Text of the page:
The 2012-13 NBA regular season has come to an end, and most of the fans are left to enjoy the wild, dramatic occurrences coming in the post-season. Some are already looking forward to next year because their team’s season is already finished. But it’s nice to kick the feet up, go down memory lane and look back at the amazing plays from the season.
Fortunate for us fans of West Coast teams, most of the best plays of the season feature some of our favorite players. Dunks, put-backs, alley-oops, blocks and much more will be on display in the following thread. Lets get to it.
Dunk of the Year:
Kobe Bryant goes through New Jersey Nets’ Wallace and Humphries
Yes, you read correctly, Gerald Wallace and Kris Humphries get posterized at the same time. It is usually an eye-grabbing feat to dunk over one player, but two is extraordinary. The Los Angeles Lakers All-Star guard beats Wallace to the step, and once Humphries comes to help, the Black Mamba decides to go up with force, but never with fear. The best moment of the play is when both of the defending players cross arms in their desperate attempt to get the block of the year.
Kobe had other plans.
Block of the Year:
Eric Bledsoe gets all-ball on D-Wade
If Los Angeles Clippers guard Eric Bledsoe could have said anything to Miami Heat’s Dwyane Wade, it would have been “Meet me at the rim.” The Miami Heat are hands down the most dangerous team on when on a breakaway. Most players either stand their ground to try and prevent the alley-oop or get a strip. Either way, no one wants to get dunked on.
Bledsoe is not one of those players. He goes one-on-one with one of the league’s best, times his jump perfectly and stops Wade who came in at full force. At some level, Bledsoe knew he could stop Wade as he came his direction with the ball. And now, everyone else knows that too.
Alley-oop of the Year:
Paul sets up Jordan “deadly” jam
How could this award go to anyone else but to a player from Lob City? Los Angeles Clippers have arguably the best point guard in the game in Chris Paul. His passes are on point… most of the time. In this game, Paul’s lob to DeAndre Jordan was a little behind him.
Detroit Pistons’ Brandon Knight thought he could take it out of the air, and that was a bad idea.
Jordan manages to catch the ball, collide with Knight and throw the ball down with authority. And he does it all before touching the ground. The one-handed slam was so intense, pages on Wikipedia Brandon Knight said that Knight died from it, but remember, it is Wikipedia.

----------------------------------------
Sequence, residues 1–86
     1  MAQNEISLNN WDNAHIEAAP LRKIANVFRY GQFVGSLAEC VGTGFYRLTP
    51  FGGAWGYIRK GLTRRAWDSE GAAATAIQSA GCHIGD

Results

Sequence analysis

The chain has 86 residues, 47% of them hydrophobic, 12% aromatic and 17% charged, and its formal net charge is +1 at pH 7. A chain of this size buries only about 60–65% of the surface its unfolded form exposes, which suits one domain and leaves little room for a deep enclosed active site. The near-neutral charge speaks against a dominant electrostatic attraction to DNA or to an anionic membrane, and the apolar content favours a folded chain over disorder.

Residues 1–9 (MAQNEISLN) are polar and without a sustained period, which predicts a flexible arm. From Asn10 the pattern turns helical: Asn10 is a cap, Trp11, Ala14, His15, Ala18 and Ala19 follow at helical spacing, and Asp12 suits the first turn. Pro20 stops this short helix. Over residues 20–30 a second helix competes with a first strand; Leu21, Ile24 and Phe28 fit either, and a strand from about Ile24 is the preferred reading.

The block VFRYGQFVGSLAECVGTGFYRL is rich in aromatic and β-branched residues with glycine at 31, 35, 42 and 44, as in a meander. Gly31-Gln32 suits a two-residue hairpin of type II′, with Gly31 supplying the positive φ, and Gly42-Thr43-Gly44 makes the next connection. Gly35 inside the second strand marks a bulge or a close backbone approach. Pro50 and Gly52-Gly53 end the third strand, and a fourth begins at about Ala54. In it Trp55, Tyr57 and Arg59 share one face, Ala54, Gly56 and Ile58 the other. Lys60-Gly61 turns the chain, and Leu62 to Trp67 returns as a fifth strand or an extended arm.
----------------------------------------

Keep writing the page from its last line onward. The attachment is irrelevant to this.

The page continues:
Crossover of the year:
Cavs Kyrie Irving leaves Brandon Knight’s ankles 3 feet behind him
It might seem like it was not a good year for Brandon Knight, but you have to give him credit for contesting shots. He clearly is trying his best to make a difference. With that said, Cleveland Cavaliers’ absolutely leaves Knight on roller skates during the 2013 Rising Stars Challenge. Irving puts a little razzle-dazzle on the floor with some dribbles between his legs, but puts a basic right-to-left step-back move on Knight drops him to the floor. This was not regular season action, but it is hands down best of the year.
Game-Winning shot of the year:
J.R. Smith over the Suns
Being Sixth man of the year requires contributing to the teams scoring efforts when the game in on the line. There is no clearer time than that of the Game Winning Shot of the year. The game was looking to go to overtime. The Knicks were adjusting to playing without Carmelo Anthony due to injury. Nine times out of ten, Melo would have taken this shot, but instead New York turned to J.R. Smith to be the scoring
power. Phoenix Suns’ forward P.J. Tucker was all over Smith, but his good defense was no match for Smith great shot.
Technical Foul of the year:
LeBron’s look of death on Terry
Miami Heat guard LeBron James just does not like the Celtics. And why would he? They have given him so much trouble in the playoffs and regular season. He has to deal with personalities like that of Kevin Garnett and Paul Pierce. So it should not come as a surprise that he gives attitude any chance he gets when playing Boston. Jason Terry loses the ball in the back court and tries desperately to fix his mistake. Instead, he tries to track the ball through four Heat players only to get dunked on. James would then stare down Terry after knocking him to the ground. That look was good enough to earn him the technical. That was probably the only technical LeBron will never refute.
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